Monday, January 02, 2017
A Tree in Winter
by Brooks Riley
If I could hug a tree a day without seeming a complete idiot, I would. Trees matter to me now--how fast they grow, how full their crowns, how tall they are, how odd their leaves, how extraordinary their shapes, how thick their trunks, how nearby they are. This late interest has crept up on me, and taken hold in ways I am trying to understand.
It's not as if I've taken leave of humankind, the animal kingdom—or my senses—to go live among the stately green giants. I haven't given up all that for something else, far from it. But there are aspects of trees that seem to harmonize with what I need: Silence (I don't need to communicate with them.); Design (The complexity of a living organism achieving its biological destiny is somehow reassuring.); Color (The range of hues, from green to orange to yellow to purple to pink, is a technicolor packaging triumph); Variety (The aesthetic intricacy of their bare black branches against a grey sky, or the hoarfrost that turns them white overnight like an old crone); Progress (Those bare branches look a lot like dentrites, reminding me that mine are still growing too); Stillness (They don't have to move to be going somewhere.). The appeal of a tree is almost metaphoric, heralding a time when I too will fall silent, cease to move, and return to the same earth they already occupy. No hooded figure with a scythe will knock on my door. I'll be knocking at the door of their kingdom when the time comes, a willing Philemon with or without my Baucis.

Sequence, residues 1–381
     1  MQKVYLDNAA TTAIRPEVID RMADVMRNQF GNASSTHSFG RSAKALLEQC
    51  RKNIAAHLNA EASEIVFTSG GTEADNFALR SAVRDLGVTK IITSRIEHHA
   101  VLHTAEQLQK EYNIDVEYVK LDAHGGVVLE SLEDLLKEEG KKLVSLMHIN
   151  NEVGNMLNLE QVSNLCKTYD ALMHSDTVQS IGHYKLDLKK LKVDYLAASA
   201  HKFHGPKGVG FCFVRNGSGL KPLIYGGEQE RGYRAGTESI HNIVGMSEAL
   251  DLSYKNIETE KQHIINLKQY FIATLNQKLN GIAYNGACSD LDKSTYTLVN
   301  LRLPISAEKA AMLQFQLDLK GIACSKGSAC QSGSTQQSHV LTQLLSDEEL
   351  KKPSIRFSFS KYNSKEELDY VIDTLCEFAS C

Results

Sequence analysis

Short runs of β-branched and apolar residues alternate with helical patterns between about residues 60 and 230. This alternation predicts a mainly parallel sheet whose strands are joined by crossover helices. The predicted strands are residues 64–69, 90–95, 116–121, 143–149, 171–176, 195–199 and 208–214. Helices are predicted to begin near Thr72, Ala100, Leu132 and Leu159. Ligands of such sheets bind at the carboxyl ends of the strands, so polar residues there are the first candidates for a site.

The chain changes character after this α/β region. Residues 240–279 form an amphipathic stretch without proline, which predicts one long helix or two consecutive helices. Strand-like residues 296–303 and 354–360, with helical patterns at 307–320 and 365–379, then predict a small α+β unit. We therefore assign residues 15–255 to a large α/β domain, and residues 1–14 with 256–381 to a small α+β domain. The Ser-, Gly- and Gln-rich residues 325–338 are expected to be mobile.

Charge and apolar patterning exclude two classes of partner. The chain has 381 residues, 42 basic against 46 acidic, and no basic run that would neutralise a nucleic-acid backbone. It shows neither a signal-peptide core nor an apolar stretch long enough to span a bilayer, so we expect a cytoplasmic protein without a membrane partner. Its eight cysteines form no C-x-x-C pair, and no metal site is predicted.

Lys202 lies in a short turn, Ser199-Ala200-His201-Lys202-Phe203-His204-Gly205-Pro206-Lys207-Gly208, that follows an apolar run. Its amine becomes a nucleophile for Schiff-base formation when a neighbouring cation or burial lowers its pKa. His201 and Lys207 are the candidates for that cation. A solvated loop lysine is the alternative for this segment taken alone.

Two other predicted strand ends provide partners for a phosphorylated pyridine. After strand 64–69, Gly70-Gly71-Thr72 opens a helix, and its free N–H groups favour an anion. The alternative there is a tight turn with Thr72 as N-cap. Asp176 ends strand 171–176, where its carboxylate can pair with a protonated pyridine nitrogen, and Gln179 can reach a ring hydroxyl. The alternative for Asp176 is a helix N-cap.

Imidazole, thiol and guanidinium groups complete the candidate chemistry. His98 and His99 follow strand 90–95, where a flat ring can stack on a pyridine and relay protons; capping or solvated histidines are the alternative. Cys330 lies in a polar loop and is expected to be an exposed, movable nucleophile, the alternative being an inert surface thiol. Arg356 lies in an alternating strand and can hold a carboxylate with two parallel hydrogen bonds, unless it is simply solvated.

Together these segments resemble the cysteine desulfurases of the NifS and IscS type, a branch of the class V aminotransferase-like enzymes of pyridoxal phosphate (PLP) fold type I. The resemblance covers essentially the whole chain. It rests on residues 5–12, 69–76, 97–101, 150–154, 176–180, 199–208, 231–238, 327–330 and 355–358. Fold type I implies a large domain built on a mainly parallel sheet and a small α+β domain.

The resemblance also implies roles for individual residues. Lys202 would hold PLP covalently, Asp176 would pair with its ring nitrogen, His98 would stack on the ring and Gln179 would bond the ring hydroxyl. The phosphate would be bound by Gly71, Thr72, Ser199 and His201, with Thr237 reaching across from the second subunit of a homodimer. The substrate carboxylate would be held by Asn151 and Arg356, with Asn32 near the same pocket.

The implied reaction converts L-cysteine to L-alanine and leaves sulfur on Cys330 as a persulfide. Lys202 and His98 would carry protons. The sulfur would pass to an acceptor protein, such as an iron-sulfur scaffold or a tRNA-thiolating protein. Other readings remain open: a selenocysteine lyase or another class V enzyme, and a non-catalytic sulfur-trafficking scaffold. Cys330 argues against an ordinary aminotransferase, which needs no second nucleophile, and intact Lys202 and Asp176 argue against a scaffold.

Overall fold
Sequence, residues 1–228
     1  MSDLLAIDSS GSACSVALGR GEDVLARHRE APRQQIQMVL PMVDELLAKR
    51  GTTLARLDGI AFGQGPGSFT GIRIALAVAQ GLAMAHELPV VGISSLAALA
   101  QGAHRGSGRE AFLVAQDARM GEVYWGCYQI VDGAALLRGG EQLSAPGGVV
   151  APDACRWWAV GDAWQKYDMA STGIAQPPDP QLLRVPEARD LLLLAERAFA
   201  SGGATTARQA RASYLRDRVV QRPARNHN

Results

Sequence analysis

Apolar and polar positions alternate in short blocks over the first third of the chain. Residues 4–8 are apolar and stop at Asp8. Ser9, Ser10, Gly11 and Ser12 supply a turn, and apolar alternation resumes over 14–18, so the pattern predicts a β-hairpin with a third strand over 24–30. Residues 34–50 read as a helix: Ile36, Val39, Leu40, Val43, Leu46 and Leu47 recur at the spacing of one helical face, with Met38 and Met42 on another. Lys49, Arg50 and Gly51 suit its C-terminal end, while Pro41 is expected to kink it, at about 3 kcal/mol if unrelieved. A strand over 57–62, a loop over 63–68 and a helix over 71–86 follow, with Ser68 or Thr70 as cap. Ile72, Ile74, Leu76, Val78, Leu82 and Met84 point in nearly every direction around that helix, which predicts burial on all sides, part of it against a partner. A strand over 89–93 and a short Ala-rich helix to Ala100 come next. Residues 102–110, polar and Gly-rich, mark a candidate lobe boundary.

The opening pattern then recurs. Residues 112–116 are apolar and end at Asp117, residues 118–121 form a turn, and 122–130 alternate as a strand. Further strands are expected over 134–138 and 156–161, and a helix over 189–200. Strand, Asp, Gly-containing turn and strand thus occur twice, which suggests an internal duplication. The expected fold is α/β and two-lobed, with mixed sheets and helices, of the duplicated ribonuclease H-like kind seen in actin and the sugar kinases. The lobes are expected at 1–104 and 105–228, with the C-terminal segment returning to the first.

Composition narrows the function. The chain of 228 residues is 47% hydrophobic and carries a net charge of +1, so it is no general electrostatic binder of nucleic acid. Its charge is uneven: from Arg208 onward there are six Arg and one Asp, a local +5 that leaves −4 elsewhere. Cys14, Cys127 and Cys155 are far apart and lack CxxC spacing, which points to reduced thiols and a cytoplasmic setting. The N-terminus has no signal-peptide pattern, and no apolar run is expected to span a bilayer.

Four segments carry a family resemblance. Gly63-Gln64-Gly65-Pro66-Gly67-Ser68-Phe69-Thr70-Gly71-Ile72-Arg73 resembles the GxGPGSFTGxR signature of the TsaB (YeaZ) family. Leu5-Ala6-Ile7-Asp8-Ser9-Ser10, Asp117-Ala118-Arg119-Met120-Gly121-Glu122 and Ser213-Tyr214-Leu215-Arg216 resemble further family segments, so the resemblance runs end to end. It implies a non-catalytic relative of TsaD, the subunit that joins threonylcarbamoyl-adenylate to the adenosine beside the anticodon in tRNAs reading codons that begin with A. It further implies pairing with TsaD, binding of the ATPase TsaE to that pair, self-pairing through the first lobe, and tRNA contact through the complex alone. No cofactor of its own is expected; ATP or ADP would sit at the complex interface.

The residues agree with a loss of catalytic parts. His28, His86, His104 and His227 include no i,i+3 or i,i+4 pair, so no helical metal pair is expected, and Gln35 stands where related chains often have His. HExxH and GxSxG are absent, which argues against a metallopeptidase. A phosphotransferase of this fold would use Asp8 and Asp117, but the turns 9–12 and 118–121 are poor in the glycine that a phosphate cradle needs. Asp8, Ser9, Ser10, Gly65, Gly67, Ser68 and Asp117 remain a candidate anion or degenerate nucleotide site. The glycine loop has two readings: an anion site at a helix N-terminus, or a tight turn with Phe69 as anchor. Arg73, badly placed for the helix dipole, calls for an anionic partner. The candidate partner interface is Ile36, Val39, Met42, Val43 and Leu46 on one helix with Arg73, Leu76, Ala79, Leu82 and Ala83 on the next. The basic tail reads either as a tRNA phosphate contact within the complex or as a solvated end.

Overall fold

I don't anthropomorphize trees the way Peter Wohlleben apparently does in his recent bestselling book. I am happy to learn that trees are just as social as we are, but this news has no bearing on my solitary appreciation of a tree.
Across the street from where I lived not long ago, a row of trees was felled to make way for the annex to a home for the disabled. Three of the four trees were justifiable victims of inevitable progress in a big city. But the fourth, a large chestnut with a trunk nearly a meter wide, could have been spared, and should have been spared. It was at the end of the lot, on a swath of grass still there today, untouched by construction of any kind, the annex now long completed.